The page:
Independence Day: Resurgence–Why it Flopped in the U.S.?

box_officeIndependence Day: Resurgence, the sequel to the 1996 hit, which was the highest-grossing movie of its year, only opened with $41.6 million.

The movie, which we dismissed on our site as messy, silly, and risible, received mostly bad reviews from critics and had mixed or negative word of mouth even before it had opened.


According to RottenTomatoes meter, Independence Day received only 34 percent favorable reviews (which means that 2 out of every 3 reviews were negative).  By comparison, the rating of approval of the 1996 picture was 62 percent positive notices (and 38 negative ones).

The original Independence Day opened to $50.2 million, when tickets were less than half of what they are priced at now.  Taking into an account the inflation ratio, and adjusting it to the current marketplace, this figure would be much higher today.

Resurgence, which cost $165 million, did much better internationally, grossing $102.1 million abroad.  In China, it scored an impressive $37.3 million debut.

According to Variety’s analysis, three reasons accounted for the failure of Resurgence at home.  We had our own reasons for its failure.

The Sequel Needed Will Smith or a Mega Star; Liam Hemstworth Is Not There Yet
The original Independence Day kicked off Will Smith’s career as a major box office draw, a status that he enjoyed for 15 years with mega hits such as the “Men in Black” series, “Hancock,” “I, Robot” and “The Pursuit of Happyness.”

Smith bailed on “Resurgence,” after the studio reportedly turned down his demand for a $50 million paycheck to crank out two sequels in a row. His casting would have inevitably fueled nostalgia among millennials who recalled seeing him in the first movie 20 years ago, even if Smith’s box office track record has been wobbly lately.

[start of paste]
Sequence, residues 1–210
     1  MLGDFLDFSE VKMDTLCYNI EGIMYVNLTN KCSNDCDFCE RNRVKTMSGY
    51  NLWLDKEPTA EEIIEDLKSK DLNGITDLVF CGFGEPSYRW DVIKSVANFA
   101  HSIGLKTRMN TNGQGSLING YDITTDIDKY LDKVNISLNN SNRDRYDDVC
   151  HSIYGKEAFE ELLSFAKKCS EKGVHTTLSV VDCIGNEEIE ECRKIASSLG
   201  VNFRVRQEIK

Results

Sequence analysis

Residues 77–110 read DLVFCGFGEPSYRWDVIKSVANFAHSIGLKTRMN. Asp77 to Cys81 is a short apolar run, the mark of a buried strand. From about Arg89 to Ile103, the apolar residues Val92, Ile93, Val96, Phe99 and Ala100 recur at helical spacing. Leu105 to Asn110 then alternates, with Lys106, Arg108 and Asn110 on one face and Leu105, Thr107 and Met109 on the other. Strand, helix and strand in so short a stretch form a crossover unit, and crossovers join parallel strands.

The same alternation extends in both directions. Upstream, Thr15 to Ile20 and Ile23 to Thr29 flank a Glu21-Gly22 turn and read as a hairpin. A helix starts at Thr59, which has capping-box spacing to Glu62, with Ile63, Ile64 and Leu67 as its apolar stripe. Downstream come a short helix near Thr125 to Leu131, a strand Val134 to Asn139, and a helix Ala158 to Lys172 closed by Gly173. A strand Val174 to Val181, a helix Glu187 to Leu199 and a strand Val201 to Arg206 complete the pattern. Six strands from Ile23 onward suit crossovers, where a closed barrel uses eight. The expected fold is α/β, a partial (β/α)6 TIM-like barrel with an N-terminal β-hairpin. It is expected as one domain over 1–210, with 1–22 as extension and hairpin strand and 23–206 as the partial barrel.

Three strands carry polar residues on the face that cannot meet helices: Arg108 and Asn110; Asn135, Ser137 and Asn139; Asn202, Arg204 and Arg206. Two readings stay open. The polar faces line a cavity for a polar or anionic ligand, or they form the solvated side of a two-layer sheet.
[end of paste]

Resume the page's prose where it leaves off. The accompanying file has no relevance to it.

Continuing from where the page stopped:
On the other hand, adding Liam Hemsworth to the cast may have helped the movie’s international take — he’s Australian and global audiences are familiar with him from The Hunger Games. But in the US, Liam has been less successful at carrying movies on his own.

Apocalypse and/or Sequel Fatigue
When the original “Independence Day” opened, the idea of aliens blowing up the White House was novel. And while even back in 1996, the movie was old-fashioned, it had a certain naive charm to it, which could be summed u as “it’s only a movie, folks.”  At resent, however, almost every blockbuster features apocalyptical themes and sights of mass destruction.

This year alone, the world was blown up in “Batman v Superman: Dawn of Justice” and “X-Men: Apocalypse.”  Director Roland Emmerich has turned mass devastation into part of his brand with projects like “The Day After Tomorrow” and “2012.”

To U.S. viewers still reeling from a national tragedy like the Orlando shooting, all this destruction might not still seem like escapist entertainment anymore.

Audiences Are Getting Smarter About Sequels
With the quality of TV on the rise, audiences are more careful and critical of sequels that are only made for financial gain. “Teenage Mutant Ninja Turtles: Out of the Shadows,” “Alice Through the Looking Glass” and “The Divergent Series: Allegiant” all underperformed badly after getting hit with negative reviews. Fox’s decision not to screen Resurgence early to critics was a bad sign.


Though they do not belong to the same genre, or necessarily aimed at the same audience, Resurgence likely was hurt by the critical acclaim and positive work of mouth of Disney’s Finding Dory.